India Business Law Journal showcases 50 of the most significant transactions, court cases and IP enforcement actions of 2010 and reveals the law firms that guided them

George W Russell reports

The international financial crash that has crippled the world’s major economies since 2008 barely sideswiped India. So it is no surprise that 2010 was a major deal-making year, both for Indian companies domestically and internationally, and foreign multinational corporations seeking India-related investment.

Following a lengthy period of research and consultation, India Business Law Journal has selected 50 landmark deals and disputes, concluded between December 2009 and December 2010, that showcase legal talent at its best. The winning deals and cases, which are divided into several categories, have been chosen subjectively based on transactional data, submissions received from Indian and international law firms and a range of interviews conducted with India-focused legal and corporate professionals. In arriving at its decisions on the winning deals and cases, India Business Law Journal’s editorial team evaluated the significance of all shortlisted contenders from a legal and regulatory standpoint. The value and complexity of each deal or case was considered, as were any precedents that may have been established for the future.

Capital markets Deals of the Year

Coal India’s IPO

Value

Principal law firms

US$3.4 billion

Amarchand Mangaldas

Ashurst

DLA Piper

Luthra & Luthra

The largest initial public offering in India to date raised US$3.43 billion for the government, which disinvested 10% of its shareholding in the company. DLA Piper advised both Coal India and the Indian government. “I think the biggest challenge was simply taking a company that is genuinely ancient – having operated for more than 100 years in various forms – and bringing its disclosure and controls up to a level where it would be appropriate for sophisticated international investors,” says Stephen Peepels, a partner at DLA Piper in Hong Kong, who led his firm’s team. Domestically, a team from Luthra & Luthra led by partner Madhurima Mukherjee advised on the transaction. “This would not be possible without the sheer hard work of Luthra & Luthra,” Coal India chairman Partha S Bhattacharya said in his listing speech. Ashurst and Amarchand Mangaldas advised the lead managers. The result has brought delight to analysts across India. “The whole Coal India IPO appeared to be a fairy tale, as if the script was written somewhere in the heaven,” says Jagannadham Thunuguntla, strategist and head of research at SMC Global Securities in Delhi. “Be it the quality of the company, the pricing of the issue, the wide subscription from all kind of investors and a super impressive listing, all has fallen perfectly into place.” For a detailed case study of Coal India’s IPO, see Firing up the markets on page 55.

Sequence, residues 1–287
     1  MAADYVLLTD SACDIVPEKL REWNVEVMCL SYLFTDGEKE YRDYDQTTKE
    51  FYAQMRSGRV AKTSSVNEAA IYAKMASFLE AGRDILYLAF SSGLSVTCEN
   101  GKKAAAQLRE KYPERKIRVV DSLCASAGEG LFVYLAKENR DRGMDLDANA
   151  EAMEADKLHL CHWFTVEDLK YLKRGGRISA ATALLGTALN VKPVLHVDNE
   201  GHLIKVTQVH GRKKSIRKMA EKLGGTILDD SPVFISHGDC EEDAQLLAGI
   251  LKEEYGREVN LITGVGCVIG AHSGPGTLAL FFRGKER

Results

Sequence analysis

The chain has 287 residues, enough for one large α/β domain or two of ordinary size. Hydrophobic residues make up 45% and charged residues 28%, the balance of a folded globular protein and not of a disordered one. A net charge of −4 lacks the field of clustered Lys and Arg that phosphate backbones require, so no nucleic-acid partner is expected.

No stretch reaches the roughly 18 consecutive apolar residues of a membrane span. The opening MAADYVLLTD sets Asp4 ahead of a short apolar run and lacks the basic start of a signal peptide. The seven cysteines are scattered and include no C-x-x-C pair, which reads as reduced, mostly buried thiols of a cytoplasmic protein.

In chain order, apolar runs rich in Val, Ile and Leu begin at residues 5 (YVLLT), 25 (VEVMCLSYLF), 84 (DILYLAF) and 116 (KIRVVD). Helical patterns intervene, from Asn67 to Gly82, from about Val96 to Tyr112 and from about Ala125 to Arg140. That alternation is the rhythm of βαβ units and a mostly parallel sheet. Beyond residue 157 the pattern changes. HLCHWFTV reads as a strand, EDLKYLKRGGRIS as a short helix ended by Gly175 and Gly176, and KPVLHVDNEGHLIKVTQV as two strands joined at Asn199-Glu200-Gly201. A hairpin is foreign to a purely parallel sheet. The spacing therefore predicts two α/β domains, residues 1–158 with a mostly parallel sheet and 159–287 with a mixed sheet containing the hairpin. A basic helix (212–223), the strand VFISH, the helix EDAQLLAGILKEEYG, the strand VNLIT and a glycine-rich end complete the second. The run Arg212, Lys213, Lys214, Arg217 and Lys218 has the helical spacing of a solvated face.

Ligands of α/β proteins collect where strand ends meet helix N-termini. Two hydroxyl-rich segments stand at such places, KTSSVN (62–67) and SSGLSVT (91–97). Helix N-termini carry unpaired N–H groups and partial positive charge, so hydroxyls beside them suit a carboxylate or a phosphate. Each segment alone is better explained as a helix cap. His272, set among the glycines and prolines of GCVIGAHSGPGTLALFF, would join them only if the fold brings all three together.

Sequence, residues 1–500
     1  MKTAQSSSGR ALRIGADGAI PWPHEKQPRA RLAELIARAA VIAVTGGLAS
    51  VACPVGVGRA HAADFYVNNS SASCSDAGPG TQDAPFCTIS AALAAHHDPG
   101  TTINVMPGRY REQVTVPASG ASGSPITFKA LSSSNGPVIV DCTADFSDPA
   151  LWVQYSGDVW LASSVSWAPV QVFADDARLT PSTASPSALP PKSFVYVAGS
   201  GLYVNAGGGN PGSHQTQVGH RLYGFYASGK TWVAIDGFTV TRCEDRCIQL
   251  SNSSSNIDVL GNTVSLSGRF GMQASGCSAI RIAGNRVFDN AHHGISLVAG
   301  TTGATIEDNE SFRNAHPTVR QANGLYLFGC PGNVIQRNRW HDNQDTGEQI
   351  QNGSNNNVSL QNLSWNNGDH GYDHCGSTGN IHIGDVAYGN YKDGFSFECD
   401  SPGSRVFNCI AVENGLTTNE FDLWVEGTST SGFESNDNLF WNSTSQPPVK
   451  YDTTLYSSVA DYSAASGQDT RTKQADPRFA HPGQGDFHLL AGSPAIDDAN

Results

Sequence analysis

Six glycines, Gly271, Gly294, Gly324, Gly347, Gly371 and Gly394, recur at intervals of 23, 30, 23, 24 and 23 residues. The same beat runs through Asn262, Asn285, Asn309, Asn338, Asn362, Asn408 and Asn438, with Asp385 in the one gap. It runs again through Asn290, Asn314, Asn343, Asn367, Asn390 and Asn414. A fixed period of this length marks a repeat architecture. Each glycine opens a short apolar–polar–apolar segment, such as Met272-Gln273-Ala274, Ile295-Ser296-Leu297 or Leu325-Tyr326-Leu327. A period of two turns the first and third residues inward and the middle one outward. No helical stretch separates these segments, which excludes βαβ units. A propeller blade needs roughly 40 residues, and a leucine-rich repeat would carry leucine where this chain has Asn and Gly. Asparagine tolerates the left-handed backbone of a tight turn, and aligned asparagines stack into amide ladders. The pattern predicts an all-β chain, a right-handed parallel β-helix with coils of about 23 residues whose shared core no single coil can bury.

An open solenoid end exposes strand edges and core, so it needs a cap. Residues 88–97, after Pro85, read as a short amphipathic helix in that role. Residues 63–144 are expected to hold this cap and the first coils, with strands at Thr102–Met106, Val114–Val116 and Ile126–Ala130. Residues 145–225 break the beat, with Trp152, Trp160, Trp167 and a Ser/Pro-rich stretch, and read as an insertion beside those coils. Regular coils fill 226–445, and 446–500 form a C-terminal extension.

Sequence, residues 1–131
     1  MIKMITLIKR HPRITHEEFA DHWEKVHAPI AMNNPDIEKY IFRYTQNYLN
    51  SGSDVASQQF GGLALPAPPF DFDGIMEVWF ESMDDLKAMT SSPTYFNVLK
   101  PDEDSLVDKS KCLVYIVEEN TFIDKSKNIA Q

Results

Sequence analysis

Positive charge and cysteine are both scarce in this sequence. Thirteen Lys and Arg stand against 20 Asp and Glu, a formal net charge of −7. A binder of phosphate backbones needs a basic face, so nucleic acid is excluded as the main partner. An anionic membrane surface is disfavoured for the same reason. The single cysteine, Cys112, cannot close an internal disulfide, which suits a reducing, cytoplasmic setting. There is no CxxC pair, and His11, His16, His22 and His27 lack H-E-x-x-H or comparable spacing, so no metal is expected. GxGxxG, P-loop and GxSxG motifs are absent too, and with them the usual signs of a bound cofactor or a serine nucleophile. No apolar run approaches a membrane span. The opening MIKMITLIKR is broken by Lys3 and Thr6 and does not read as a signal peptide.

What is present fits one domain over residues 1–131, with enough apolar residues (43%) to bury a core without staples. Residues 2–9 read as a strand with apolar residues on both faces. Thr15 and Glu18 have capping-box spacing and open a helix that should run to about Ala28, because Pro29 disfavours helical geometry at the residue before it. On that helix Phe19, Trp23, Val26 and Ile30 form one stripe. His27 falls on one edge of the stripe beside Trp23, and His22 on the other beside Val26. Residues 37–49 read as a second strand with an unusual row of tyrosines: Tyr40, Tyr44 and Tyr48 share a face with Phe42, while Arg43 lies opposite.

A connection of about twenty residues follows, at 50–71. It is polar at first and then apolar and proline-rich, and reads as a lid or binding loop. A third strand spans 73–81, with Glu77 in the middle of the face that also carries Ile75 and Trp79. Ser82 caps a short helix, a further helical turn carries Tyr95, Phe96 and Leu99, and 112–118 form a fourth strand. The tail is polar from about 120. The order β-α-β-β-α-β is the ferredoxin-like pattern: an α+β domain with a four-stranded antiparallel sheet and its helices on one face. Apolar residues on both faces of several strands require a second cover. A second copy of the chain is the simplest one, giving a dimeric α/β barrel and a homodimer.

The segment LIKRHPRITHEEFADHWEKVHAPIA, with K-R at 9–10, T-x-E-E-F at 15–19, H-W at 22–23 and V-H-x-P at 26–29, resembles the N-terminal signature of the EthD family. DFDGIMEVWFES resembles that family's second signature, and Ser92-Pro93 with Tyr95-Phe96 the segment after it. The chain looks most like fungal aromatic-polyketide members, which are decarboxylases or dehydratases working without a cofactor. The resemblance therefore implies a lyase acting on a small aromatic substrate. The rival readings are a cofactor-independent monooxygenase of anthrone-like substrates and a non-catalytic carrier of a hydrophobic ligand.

Jagannadham Thunuguntla Strategist & Head of Research SMC Global Securities

National Mineral Development Corporation’s listing and follow-on offering

Value

Principal law firms

US$2.2 billion

Crawford Bayley & Co

Dorsey & Whitney

Gide Loyrette Nouel

S&R Associates

The Indian government divested itself of around 8.38% of its holdings in National Mineral Development Corporation through a follow-on public offering and Rule 144A offering of 332.24 million equity shares. Gide Loyrette Nouel acted as international legal counsel to the selling shareholder, while Crawford Bayley & Co acted as domestic legal counsel to the selling shareholder. The Sydney office of Dorsey & Whitney acted as international counsel to the underwriters in this public offering of shares in Asia’s third-largest iron ore producer. S&R Associates acted as domestic legal counsel to the book-running lead managers.

NTPC’s further public offer

Value

Principal law firms

US$1.8 billion

Amarchand Mangaldas

Luthra & Luthra

O’Melveny & Myers